In 98-degree weather, volunteers check on the elderly, power use surges and lakes bake.
That was still plenty warm, and potentially dangerous for some. Volunteers for Meals on Wheels were doing double duty: delivering food to elderly clients and also checking on their welfare, especially those who lack air conditioning. The agency makes daily visits to about 8,500 clients.
"These are people who are pretty vulnerable to heat stress during weeks like this," said Patrick Rowan, executive director of Metro Meals on Wheels, which coordinates local programs.
"People need a place to escape from the heat. We counsel them, or notify relatives, when we get concerned, but if our clients are in immediate stress, we'll call 911. We all need to keep an eye out for our relatives and neighbors."
At Hennepin County Medical Center, 47 people of varying ages have been treated for heat-related conditions during the first two weeks of July, said spokeswoman Christine Hill. The problems include heatstroke, heat exhaustion, dehydration and conditions such as asthma that can be exacerbated by the heat.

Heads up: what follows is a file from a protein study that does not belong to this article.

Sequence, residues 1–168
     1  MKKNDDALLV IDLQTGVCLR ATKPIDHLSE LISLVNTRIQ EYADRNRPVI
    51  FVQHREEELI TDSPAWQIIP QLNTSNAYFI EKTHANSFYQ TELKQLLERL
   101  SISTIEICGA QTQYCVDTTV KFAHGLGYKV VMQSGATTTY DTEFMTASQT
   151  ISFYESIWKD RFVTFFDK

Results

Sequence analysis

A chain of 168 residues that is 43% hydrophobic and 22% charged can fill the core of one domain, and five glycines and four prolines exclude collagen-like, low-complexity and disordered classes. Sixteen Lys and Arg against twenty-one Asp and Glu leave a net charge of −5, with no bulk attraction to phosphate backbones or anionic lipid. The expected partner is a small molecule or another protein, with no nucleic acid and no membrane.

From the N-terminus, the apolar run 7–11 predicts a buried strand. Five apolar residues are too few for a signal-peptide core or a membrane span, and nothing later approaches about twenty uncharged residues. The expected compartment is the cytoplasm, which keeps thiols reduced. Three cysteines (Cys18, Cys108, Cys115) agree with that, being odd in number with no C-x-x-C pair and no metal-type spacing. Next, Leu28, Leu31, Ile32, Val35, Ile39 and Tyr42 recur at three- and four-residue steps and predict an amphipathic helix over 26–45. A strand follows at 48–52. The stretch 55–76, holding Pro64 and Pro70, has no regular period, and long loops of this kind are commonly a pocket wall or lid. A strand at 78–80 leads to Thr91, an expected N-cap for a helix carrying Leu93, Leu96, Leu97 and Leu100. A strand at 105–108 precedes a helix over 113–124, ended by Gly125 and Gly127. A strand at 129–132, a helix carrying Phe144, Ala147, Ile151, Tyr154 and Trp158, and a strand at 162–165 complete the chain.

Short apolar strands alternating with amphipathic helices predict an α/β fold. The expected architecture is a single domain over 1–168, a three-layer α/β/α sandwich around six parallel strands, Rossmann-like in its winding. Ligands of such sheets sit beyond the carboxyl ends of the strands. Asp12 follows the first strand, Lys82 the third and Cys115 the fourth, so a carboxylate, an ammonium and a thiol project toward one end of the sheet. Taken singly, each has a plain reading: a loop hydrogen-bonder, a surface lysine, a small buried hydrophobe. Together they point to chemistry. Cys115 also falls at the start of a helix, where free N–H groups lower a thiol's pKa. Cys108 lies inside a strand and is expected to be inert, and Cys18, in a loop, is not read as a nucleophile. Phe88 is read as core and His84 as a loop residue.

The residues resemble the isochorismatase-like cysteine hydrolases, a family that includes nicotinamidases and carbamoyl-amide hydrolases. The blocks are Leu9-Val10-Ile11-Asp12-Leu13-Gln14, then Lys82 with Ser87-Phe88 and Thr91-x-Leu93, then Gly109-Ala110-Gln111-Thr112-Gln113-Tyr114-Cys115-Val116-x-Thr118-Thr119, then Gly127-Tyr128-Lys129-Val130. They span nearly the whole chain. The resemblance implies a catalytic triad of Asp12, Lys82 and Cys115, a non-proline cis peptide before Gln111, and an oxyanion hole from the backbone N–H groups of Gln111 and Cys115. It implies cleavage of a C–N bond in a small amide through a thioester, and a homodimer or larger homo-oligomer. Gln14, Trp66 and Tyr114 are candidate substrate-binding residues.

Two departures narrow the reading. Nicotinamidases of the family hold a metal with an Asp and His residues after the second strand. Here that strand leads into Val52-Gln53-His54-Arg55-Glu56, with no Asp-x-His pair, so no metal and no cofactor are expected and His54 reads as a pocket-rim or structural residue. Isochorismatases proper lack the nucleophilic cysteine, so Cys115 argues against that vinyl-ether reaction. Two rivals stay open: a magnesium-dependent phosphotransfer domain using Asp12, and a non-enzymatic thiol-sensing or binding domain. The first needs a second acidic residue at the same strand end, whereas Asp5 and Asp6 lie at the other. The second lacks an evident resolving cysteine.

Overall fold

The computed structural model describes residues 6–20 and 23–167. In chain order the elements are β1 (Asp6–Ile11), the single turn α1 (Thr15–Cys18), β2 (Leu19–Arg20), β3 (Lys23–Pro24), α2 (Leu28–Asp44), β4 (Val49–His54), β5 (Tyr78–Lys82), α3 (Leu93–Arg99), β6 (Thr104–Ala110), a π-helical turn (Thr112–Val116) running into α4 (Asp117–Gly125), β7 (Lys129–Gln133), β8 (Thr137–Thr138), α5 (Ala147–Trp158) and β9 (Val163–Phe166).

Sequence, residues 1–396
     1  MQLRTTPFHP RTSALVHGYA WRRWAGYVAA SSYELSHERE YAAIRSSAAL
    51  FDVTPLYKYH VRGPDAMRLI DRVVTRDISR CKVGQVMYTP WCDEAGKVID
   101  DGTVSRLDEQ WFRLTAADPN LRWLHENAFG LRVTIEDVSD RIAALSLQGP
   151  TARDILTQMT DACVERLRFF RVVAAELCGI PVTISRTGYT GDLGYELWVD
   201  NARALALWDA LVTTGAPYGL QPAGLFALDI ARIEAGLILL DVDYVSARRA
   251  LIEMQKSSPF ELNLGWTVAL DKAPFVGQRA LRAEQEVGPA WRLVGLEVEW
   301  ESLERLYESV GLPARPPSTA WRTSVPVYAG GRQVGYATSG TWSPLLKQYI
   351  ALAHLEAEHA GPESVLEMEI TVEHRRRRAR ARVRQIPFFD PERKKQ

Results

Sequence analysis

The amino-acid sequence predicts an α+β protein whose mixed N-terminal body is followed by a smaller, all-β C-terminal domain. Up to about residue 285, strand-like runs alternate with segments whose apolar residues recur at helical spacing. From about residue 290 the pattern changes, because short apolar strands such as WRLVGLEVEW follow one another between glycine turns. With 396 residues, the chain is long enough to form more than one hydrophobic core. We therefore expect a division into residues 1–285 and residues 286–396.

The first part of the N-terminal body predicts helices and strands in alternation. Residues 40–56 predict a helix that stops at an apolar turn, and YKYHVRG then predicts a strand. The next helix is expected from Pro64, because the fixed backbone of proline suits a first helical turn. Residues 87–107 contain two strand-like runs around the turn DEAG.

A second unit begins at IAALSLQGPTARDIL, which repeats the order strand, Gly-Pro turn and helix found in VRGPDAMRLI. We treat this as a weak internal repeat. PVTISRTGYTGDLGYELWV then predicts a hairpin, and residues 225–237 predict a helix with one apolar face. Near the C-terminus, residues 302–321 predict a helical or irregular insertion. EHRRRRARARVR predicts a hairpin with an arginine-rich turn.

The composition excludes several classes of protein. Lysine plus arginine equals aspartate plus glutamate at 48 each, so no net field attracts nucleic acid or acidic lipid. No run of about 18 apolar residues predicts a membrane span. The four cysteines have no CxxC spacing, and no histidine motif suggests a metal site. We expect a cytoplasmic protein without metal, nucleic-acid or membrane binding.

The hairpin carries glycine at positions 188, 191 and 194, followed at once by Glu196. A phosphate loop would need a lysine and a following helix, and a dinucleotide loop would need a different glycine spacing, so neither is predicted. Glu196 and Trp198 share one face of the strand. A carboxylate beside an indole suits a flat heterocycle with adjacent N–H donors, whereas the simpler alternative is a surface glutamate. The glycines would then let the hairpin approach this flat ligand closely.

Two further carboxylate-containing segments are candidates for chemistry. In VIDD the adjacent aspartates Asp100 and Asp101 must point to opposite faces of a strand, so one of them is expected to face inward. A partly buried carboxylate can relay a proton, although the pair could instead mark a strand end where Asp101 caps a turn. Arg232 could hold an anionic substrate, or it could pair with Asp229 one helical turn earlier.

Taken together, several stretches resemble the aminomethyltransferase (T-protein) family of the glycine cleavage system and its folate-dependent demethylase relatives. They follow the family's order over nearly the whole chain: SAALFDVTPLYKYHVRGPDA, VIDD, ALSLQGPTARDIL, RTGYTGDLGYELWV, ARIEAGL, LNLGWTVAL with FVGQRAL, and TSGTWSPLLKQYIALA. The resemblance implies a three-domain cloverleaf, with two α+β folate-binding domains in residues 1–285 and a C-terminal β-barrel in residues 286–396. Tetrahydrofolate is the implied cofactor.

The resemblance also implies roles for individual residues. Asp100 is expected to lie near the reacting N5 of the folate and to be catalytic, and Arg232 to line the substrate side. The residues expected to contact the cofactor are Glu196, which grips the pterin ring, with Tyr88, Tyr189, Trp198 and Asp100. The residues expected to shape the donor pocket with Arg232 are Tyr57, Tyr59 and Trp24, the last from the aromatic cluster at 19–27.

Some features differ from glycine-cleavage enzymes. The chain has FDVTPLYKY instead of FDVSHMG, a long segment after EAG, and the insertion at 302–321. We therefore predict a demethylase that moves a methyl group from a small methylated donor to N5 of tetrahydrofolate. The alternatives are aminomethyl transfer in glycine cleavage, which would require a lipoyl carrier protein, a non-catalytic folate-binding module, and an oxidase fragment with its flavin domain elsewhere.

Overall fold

A snapshot of other weather items:
Lots of 90s, but not like '88: Monday was the 11th of July's first 16 days with a high temperature of 90 degrees or above. The record for an entire summer is 44, in 1988. By July 16 of that year, there had been 26 such days; Monday was the 20th this year. The seasonal average is 13.
Mega power use: Xcel Energy said electrical demand surged to a level just short of the record 9,544 megawatts consumed during a single hour on July 20 last year. Spokeswoman Mary Sandok said final numbers are not yet available.
Although nearly 3,000 of Xcel's almost 1 million customers did not have power at 4 p.m. Monday, Sandok said the scattered outages were likely because of heat-related equipment failures, not because of a shortage of power.
Warm lake: Water temperatures Monday morning on Lake Minnetonka averaged 83 degrees between Tanager Bay and Wayzata Bay, said Minnehaha Watershed District spokeswoman Telly Mamayek. That's two degrees higher than a year ago and five degrees higher than four years ago, but two degrees cooler than last week.
Possibly historic: The average temperature for July through Sunday was 81.6, two-tenths of a degree higher than the record monthlong average in July 1936, a Dust Bowl year. But it's unlikely the current heat will persist for an entire month, said Pete Boulay, assistant DNR state climatologist.
The forecast: The Twin Cities should see a high Tuesday of "only" 90. Highs are expected to drop into the 80s Wednesday and Thursday before popping back up into the 90s for the weekend.